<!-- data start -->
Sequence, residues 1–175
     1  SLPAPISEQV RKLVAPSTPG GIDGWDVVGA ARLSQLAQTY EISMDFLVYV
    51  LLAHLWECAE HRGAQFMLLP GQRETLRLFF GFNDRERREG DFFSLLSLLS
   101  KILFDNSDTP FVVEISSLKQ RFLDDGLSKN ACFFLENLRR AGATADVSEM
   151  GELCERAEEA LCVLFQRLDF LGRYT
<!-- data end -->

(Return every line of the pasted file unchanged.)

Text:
Sequence, residues 1–175
     1  SLPAPISEQV RKLVAPSTPG GIDGWDVVGA ARLSQLAQTY EISMDFLVYV
    51  LLAHLWECAE HRGAQFMLLP GQRETLRLFF GFNDRERREG DFFSLLSLLS
   101  KILFDNSDTP FVVEISSLKQ RFLDDGLSKN ACFFLENLRR AGATADVSEM
   151  GELCERAEEA LCVLFQRLDF LGRYT